Waiting for the Trade – Captain America

Waiting for the Trade

 Captain America:
Castaway in Dimension Z (1)

by Rick Remender &
John Romita Jr.

collects Captain America
(2012) volume 1-5.

Why I Bought This: Of
all the Marvel Now comics this is the one I was most curious about. Yes, of
course I love Captain America
but also I really like JRJr’s artwork from ASM
so just to see him draw Cap had me intrigued. On top of that the concept is
really different particularly compared to Brubaker’s realism-based espionage
run the past 10 years so I was curious how the change in tone was going to
work.

The Plot: Captain
America
is kidnapped by Arnim Zola and stranded in another dimension filled with alien
life-forms.

(spoilers below)

 
Chapter 1 – A flashback of Steve’s childhood shows his
father was an abusive alcoholic but his mother refused to back down when he
would hit her telling Steve “you always stand up.” In the present Cap is taking
down would-be terrorist the Green Skull. Afterwards he meets Sharon for a date as it is Cap’s birthday
(and Independence Day). Sharon
apparently proposed to Cap recently and he is mulling it over as he boards a
train. Suddenly the train speeds up into another dimension and springs a trap
injecting Cap with a sedative. When Cap awakens he is strapped into a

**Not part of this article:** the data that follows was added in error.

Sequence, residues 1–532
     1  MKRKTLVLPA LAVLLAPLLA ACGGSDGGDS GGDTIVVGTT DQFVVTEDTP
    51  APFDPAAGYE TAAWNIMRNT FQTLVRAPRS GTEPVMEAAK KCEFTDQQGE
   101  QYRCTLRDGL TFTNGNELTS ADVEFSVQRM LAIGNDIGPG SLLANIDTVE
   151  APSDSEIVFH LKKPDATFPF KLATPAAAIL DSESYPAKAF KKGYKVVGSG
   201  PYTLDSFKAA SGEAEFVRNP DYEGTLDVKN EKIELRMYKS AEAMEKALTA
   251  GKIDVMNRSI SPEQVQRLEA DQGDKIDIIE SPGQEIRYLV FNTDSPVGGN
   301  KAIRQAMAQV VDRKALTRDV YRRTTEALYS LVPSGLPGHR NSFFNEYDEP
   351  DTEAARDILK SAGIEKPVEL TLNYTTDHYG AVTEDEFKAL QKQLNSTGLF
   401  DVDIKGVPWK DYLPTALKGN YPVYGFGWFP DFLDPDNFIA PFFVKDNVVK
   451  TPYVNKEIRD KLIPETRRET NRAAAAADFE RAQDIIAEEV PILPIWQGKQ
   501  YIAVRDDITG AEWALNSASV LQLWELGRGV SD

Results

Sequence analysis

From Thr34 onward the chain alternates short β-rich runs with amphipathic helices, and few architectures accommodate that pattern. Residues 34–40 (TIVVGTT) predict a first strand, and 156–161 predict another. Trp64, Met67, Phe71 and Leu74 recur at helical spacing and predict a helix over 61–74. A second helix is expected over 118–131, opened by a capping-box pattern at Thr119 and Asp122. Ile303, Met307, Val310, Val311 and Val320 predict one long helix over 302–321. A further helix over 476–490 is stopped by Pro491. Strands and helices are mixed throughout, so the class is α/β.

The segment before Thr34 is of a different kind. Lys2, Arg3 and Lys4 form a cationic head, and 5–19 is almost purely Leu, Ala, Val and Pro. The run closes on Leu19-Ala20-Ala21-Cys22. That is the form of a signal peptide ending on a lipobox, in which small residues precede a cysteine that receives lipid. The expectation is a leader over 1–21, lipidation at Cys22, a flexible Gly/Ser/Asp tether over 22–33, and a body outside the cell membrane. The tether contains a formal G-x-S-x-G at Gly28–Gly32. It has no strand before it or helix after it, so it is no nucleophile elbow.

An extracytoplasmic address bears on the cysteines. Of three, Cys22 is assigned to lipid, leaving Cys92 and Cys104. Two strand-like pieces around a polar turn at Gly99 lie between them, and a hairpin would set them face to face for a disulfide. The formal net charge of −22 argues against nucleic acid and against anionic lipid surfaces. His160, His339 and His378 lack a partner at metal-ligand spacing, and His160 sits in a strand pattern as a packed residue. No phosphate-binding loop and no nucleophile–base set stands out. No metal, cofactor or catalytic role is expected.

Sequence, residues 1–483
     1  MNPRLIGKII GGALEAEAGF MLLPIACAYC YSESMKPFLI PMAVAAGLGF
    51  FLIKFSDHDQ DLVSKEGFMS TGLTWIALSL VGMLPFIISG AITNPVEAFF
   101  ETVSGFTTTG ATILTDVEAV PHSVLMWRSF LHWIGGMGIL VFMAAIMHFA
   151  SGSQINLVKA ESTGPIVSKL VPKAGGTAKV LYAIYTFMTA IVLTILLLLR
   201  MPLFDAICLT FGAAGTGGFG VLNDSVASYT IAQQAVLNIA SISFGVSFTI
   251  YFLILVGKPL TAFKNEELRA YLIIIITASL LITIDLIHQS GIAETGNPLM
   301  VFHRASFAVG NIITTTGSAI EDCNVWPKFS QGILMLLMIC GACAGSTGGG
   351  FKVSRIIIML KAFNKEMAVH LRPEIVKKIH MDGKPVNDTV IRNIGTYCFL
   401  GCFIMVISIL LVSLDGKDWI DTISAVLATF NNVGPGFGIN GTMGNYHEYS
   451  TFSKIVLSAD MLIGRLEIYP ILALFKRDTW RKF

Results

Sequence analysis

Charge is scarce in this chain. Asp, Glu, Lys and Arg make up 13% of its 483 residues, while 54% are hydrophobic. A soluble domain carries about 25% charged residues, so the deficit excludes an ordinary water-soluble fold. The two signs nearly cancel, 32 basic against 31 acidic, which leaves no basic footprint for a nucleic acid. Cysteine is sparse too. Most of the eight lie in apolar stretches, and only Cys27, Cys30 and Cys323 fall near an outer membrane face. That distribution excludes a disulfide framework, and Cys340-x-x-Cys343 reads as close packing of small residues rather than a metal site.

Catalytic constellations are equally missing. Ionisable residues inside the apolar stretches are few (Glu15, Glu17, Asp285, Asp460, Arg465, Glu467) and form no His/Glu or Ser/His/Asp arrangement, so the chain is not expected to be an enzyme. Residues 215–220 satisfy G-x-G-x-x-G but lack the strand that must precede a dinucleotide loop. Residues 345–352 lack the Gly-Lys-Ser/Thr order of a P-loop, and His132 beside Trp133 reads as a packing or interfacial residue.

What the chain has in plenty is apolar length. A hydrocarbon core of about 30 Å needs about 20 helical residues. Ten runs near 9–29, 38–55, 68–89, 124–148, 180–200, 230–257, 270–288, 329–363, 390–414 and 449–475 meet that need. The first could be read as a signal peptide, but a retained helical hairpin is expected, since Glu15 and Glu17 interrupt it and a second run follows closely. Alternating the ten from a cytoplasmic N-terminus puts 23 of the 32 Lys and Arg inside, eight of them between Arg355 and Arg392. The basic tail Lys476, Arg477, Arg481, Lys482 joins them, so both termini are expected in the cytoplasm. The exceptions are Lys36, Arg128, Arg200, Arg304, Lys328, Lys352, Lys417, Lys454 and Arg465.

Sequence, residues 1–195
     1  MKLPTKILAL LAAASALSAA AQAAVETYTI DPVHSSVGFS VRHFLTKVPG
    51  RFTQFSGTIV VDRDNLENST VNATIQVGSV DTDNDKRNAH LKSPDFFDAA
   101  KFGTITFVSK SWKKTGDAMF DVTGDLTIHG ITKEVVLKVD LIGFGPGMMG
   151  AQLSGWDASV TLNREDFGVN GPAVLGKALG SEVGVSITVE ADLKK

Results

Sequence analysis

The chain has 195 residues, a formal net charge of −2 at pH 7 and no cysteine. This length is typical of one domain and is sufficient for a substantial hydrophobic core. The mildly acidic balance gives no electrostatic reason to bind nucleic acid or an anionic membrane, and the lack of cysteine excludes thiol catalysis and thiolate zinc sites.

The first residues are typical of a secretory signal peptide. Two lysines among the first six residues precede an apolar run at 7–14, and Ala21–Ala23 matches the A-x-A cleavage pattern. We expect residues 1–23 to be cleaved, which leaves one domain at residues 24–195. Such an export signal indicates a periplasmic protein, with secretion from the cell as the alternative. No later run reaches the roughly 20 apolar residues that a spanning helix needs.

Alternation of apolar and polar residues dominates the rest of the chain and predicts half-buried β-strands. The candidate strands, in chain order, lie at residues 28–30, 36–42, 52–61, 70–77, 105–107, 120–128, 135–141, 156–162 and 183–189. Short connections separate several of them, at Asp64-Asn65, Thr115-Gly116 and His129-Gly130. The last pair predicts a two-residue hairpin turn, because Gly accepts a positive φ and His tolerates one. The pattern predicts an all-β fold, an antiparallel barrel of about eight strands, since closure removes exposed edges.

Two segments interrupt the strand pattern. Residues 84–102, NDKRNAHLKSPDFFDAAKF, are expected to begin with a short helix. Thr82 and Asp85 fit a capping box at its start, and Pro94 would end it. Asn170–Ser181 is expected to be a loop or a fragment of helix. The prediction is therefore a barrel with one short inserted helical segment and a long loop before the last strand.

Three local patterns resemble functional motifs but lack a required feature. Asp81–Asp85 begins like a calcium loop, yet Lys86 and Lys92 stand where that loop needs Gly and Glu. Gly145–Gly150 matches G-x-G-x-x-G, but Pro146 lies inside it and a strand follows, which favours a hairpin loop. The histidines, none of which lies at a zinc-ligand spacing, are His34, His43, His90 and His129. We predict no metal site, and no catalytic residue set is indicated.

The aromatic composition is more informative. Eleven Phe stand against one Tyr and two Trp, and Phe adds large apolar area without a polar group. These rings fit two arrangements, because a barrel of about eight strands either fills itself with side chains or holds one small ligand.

Frankenstein-style laboratory with his blood being transfused into an infant.
Zola injects an enormous needle into Cap’s heart but Cap fights through the
pain, burst his bonds and escapes blowing up the lab in the process. Zola
believes the infant (his son) dead in the explosion but in the cliffhanger we
see Cap has taken the boy with him.

Chapter 2 – One year has passed. Cap is raising the boy,
whom he has named Ian, in a wasteland where every day is a fight for survival.
Cap is also still sick from whatever Zola injected into his chest. One day an
airship with two of Zola’s mutate servants spot Cap and Ian but the creatures
do not recognize them, they just want something to eat. Cap KO’s one of them
but the other’s weapons are too strong so Cap awakens a huge monster that lives
under the sand (think Dune) and it
eats the attacker. It then attempts to eat Cap but he slays it with the energy
weapon. Cap and Ian are then ambushed from behind by some rock men. The rock
men (actually biological but they have rocky plates covering much of their
exterior) have an underground civilization. They execute the Zola servant Cap
had KO’d and intend to do the same to Cap thinking he is also a servant of
Zola. He shouts that he is not but Ian is seemingly decapitated in the
cliffhanger.

Chapter 3 – A flashback shows how when Zola was a human in Germany in 1929
he kidnapped his maid and her dog and then sewed her head onto the dog. In the
present Zola has a young daughter whom he has given super powers. Zola locks
her in an arena filled with monsters so she can hone her combat skills. Back at
our cliffhanger, Cap breaks his hand in order to break his chains and save Ian
at the last minute. One of the rock-people who found Cap convinces the king
rock man that Cap is an enemy of Zola too as he saw them fighting as Cap
activates a universal translator Pym put in his costume. We see flashbacks of
tween-Cap fighting bullies and refusing to back down despite being scrawny and
outnumbered. Cap is talking with the rock-man (the species is called the Phrox)
who saved his life and learns their leader is a despot. Cap gives one of his